Senator John Arthur Smith (D-Dona Ana, Hidalgo, Sierra-35), Chair, Legislative Finance Committee

The New Mexico Legislative Finance Committee met Wednesday to discuss the fiscal future of the state, amid concerns about COVID’s influence on New Mexico’s economy.

Steve Kopelman, the executive director for New Mexico Counties, spoke about how the climbing unemployment rate will hinder the state’s recovery.

“The unemployment rate in New Mexico…is close to 13%,” Kopelman said “And, you know, it was one thing when the federal government was subsidizing unemployment to the tune of $600 a week, now that that's not happening we're expecting this to just be a pile on. It's going to be very, very dire.”

Unemployment was up 8.4% from June to July, with over 197,000 unemployment claims filed last month. Kopelman empathized that the struggles of both individuals and small businesses are felt at the county level.   

Saddle Back Ranch isn’t just a milk farm for Ryan Parks—it’s his family’s entire way of life.

“It’s not for the faint hearted,” Parks said. “It's a great thing. I mean, what would we do without agriculture?”

It’s a question that’s been in the spotlight during the COVID-19 pandemic, where, here in Las Cruces, Saddle Back Ranch had to delay expansion plans. of las cruces

The Las Cruces City Council is moving forward with plans to construct permanent shade structures for the Plaza de Las Cruces. During Monday’s work session, the group was presented with three shade options—transparent panels, decorative metal or a retractable canvas system.

In the end, the council decided the metal structures would be the best fit for the city, providing the most shade and durability. Ken Gutierrez, a member of the architectural firm tasked with the project, spoke about the merits of the decorative metal option.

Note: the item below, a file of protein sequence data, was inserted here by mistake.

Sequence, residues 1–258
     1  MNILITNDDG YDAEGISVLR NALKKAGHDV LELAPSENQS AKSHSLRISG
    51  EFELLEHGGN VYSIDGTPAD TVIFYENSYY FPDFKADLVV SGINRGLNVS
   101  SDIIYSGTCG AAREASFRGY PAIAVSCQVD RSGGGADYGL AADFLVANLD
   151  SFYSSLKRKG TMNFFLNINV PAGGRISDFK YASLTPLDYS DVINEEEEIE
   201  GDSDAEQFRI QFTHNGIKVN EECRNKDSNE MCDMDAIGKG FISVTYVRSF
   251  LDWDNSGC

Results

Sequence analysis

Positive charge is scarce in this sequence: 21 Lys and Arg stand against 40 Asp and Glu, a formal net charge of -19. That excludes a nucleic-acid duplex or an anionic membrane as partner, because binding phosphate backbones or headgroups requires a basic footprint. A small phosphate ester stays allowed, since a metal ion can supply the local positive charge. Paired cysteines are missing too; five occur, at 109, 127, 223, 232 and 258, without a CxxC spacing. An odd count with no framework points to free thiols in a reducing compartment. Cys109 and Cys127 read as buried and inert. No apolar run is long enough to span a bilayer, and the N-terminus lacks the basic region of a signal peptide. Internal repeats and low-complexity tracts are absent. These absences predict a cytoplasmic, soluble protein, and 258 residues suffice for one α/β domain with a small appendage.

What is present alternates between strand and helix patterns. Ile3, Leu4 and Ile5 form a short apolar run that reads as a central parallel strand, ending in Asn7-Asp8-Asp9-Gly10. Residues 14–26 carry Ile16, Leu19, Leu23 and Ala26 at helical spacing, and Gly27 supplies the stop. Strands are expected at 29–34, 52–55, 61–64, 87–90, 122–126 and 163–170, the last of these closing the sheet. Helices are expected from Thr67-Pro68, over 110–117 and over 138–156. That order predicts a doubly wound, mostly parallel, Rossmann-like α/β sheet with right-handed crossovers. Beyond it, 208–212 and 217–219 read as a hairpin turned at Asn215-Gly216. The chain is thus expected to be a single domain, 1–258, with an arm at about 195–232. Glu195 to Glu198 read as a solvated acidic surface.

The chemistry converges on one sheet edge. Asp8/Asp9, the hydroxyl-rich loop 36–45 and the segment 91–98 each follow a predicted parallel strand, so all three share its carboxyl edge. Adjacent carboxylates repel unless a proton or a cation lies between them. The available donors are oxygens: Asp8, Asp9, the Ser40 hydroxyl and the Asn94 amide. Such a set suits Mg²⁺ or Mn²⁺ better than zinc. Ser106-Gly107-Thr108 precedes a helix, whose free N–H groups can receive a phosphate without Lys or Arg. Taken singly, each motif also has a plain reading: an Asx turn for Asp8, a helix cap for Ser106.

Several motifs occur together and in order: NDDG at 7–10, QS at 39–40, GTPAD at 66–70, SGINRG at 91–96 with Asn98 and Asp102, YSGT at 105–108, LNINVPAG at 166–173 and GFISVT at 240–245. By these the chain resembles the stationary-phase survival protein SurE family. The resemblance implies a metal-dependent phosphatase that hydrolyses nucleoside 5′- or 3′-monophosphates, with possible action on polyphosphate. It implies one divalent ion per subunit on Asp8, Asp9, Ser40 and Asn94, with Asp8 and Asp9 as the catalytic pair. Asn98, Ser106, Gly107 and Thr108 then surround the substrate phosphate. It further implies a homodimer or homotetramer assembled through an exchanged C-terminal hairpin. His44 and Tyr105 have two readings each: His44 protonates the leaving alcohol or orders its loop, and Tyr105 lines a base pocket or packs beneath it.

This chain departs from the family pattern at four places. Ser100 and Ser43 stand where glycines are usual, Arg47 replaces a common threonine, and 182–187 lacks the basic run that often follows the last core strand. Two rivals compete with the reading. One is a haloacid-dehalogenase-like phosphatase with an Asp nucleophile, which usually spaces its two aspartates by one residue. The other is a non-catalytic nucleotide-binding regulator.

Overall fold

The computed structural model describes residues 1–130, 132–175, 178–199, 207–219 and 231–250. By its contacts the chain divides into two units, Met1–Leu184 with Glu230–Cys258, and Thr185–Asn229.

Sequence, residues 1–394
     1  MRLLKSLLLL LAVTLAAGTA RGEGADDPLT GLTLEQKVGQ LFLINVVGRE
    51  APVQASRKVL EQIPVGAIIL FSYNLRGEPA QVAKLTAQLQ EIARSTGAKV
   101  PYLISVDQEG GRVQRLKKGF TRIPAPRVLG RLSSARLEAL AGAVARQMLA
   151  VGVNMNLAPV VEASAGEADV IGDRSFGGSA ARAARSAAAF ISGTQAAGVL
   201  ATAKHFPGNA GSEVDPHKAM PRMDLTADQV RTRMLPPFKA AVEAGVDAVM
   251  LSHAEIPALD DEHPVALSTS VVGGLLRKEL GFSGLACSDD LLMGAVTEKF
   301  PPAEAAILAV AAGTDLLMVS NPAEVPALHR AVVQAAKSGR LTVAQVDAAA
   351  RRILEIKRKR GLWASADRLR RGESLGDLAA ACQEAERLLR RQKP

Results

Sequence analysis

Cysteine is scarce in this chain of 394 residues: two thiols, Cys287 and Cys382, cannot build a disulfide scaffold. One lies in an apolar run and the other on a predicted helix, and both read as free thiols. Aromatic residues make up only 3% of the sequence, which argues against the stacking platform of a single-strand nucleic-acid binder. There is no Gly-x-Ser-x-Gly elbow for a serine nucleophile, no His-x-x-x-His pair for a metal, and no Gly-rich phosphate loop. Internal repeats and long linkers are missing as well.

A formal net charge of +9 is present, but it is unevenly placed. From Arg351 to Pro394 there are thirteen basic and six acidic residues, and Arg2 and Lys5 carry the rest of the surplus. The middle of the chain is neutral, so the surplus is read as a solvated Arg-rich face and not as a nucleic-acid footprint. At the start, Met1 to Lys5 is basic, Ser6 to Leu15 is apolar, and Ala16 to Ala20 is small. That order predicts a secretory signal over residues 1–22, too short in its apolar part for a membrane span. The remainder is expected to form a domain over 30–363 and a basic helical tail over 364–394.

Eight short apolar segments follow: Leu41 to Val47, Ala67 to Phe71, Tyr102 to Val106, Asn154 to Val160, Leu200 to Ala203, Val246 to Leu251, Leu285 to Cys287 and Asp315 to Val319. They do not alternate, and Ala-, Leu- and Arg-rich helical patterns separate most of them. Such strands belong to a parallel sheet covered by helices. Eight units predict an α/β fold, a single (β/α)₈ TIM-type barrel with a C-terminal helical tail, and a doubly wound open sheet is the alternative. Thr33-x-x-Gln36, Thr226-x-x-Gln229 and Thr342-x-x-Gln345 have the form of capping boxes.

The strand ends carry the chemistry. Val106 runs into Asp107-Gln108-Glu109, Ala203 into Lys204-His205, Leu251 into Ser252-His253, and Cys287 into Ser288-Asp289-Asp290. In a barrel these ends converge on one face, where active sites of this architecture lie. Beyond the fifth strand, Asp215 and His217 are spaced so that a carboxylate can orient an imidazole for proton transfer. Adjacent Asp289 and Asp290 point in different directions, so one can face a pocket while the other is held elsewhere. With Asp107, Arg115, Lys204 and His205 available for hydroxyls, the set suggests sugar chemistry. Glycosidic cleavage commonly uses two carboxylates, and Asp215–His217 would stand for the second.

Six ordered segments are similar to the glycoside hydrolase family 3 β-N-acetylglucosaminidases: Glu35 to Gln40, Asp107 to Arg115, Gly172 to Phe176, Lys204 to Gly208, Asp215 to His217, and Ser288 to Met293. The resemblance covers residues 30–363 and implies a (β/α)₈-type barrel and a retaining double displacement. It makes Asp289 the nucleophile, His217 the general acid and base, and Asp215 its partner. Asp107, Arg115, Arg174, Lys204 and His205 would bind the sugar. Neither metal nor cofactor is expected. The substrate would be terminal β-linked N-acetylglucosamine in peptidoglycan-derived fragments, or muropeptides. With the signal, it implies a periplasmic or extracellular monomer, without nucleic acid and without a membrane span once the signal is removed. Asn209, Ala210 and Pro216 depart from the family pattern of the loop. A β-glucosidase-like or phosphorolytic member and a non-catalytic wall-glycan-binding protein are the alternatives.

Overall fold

The Las Cruces Public School Board reviewed a series of proposals Tuesday night concerning police presence within education facilities.

In a 3-1 vote, the board approved a Memorandum of Understanding between the district and the city of Las Cruces to allow for the services of school resource officers during the 2020-21 school year.

The district will not be charged for the services of resource officers until schools begin to physically reopen.

Board Member Teresa Tenorio, the only member to vote against the motion, brought up concerns regarding the presence of guns in schools. She cited a 2019 incident at Picacho Middle School, where a now former resource officer discharged his gun.

Ifo Pili /

The Las Cruces City Council voted in a 6-0 decision to approve an approximate 19 percent salary increase for the city manager position. Council Member Yvonne Flores was absent from the meeting and did not have the opportunity to vote.

The city will offer Ifo Pili, who previously worked as the city administrator in Eagle Mountain, Utah, $216,000 of base pay to take on the role of city manager.

Council Member Gabe Vasquez said he was originally shocked by the high salary, but feels the increase is necessary to attract top leaders to the city.

“They come at a price that's dictated by the market within the city administration world,” Vasquez said. “And so that was kind of a hard pill to swallow for me, right, having again experienced a different type of salary range my whole life, but regardless I have a confidence that Mr. Pili will do great things for our city.”


During the second week of August clean energy advocates celebrated American Wind Week. Key energy players across the state sat down to discuss the future of renewable resources in New Mexico.

In an event moderated by New Mexico State University Chancellor Dr. Dan Arvizu, energy leaders discussed ways to implement the state’s Energy Transition Act. The act dictates that 50 percent of New Mexico electricity will come from renewable energy resources by the year 2030.

Country Club Estates / Las Cruces

New Mexico has an economic development incentive called a tax increment development district. It’s been in use in downtown Las Cruces for some time, but recently a single developer proposed using it for the property where the former Las Cruces Country Club was located.